After this introduction, I come to the reasons which led me to consider Cristiano Ronaldo as an example to engage with questions of place and space: in the lines that follow, I will tell you what the scrutiny of Cristiano Ronaldo’s gestures on a football pitch communicated to me. Better than by means of words, surely much better than I’m able to do, and more straightforwardly than many phenomenological accounts on space, place and existence – or experience -, I believe CR7 is able to convey, with few symbolic gestures, and in a direct and intuitive way, the full sense of what it means to be (to exist): ‘to be is to be in place’, the famous Archytian axiom says. [5] That’s the core argument of this brief article, which I hope it is not perceived as a flimsy exemplification of the previous one – The Τόπος of a Thing (Τόπος -topos- is a Greek term that literally stands for ‘whereabouts’ and is traditionally understood and translated as ‘place’; therefore, we are now speaking about ‘the place of Cristiano Ronaldo’ when, through his gestures and posture on a football pitch, he reveals to the world: ‘It’s me. I am here’; in this way, CR7 gives us a personal interpretation of that ancient axiom, a self-evident truth, which is too often forgotten, or underestimated).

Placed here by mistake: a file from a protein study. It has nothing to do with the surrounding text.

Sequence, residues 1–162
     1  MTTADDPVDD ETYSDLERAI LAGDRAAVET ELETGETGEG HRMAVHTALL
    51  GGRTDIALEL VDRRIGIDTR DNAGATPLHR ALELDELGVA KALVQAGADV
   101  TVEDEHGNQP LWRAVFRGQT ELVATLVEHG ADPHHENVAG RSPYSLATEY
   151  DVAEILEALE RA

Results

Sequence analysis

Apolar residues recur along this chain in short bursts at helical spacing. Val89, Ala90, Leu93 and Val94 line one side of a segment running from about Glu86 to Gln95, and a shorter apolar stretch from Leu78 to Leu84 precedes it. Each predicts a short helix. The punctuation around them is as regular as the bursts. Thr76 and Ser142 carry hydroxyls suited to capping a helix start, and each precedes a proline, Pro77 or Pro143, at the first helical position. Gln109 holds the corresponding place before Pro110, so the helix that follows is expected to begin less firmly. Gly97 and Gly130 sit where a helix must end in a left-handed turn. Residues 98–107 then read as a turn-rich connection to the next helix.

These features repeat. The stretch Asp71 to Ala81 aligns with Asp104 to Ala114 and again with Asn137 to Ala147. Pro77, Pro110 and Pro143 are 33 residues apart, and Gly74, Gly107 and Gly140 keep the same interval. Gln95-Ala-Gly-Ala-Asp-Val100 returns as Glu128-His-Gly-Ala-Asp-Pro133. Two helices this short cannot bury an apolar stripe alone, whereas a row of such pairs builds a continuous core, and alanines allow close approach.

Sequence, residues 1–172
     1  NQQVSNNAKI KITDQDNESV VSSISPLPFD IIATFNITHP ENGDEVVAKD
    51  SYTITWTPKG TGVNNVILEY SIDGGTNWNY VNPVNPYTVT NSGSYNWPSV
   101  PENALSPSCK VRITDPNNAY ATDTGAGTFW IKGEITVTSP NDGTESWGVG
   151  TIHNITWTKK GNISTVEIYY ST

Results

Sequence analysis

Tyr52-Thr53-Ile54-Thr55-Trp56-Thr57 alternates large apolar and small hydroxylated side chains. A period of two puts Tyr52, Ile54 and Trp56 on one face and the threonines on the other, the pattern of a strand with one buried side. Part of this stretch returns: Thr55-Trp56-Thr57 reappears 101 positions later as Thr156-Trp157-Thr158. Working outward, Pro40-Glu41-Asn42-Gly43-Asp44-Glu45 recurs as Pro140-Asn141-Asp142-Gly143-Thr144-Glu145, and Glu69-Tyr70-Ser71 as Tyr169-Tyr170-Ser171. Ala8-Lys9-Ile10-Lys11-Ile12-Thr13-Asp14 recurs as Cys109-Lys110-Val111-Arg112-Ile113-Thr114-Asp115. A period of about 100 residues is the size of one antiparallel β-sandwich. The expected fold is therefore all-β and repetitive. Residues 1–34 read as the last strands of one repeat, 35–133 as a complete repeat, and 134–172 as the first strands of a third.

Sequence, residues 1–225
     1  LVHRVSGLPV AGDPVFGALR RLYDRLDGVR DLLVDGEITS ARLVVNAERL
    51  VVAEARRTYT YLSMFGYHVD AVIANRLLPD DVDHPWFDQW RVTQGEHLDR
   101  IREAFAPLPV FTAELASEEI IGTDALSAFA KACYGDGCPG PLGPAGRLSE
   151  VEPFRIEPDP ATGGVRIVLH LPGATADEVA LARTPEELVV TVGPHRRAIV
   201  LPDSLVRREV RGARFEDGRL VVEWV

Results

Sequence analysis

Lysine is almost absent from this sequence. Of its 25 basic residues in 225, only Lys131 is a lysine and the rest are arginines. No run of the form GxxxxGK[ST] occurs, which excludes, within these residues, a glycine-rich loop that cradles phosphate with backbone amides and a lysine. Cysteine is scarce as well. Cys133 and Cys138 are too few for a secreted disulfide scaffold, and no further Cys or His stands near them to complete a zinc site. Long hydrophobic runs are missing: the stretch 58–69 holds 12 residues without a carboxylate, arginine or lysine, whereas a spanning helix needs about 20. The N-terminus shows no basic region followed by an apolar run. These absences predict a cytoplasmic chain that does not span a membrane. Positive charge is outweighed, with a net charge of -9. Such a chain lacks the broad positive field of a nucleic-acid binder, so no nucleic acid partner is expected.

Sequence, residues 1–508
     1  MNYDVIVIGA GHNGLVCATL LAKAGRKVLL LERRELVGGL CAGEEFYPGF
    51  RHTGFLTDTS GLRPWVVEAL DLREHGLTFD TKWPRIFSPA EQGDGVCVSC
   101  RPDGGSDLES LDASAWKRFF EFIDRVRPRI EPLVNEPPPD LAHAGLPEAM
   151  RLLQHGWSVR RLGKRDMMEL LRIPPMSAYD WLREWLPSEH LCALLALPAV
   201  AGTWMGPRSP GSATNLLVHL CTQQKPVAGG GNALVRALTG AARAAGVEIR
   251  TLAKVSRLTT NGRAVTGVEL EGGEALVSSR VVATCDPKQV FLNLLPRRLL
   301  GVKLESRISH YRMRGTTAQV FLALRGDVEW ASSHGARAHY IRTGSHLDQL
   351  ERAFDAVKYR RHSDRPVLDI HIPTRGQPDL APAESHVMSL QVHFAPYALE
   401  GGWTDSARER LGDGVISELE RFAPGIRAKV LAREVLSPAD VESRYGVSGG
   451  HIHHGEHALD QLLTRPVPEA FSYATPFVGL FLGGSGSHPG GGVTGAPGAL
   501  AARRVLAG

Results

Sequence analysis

I’ve always thought Cristiano Ronaldo’s physical presence on a soccer field had much to do with place and existence since the very first time he began to assume his typical stance when he was going to kick a penalty or a free kick: his way of standing still for countless instants that seem to freeze the moment in an eternal present; his static presence on the pitch before kicking the ball – legs open and arms slightly open as well, straight down to his side – reminded me of a statue; a mode of being, denoting stability, against that which is transient and uncertain all around his figure: a constant presence, something you can count on (the fact that he scores many goals when he kicks a ball is almost the execution of a sentence), something – somebody, actually – firmly put into place: something that stands out, ultimately. A physical presence which can catalyse all of the energies within and around him: not just his energies, but the energies of an entire stadium. ‘I’m here’, Cristiano Ronaldo seems to say, that is: here, in (this) place.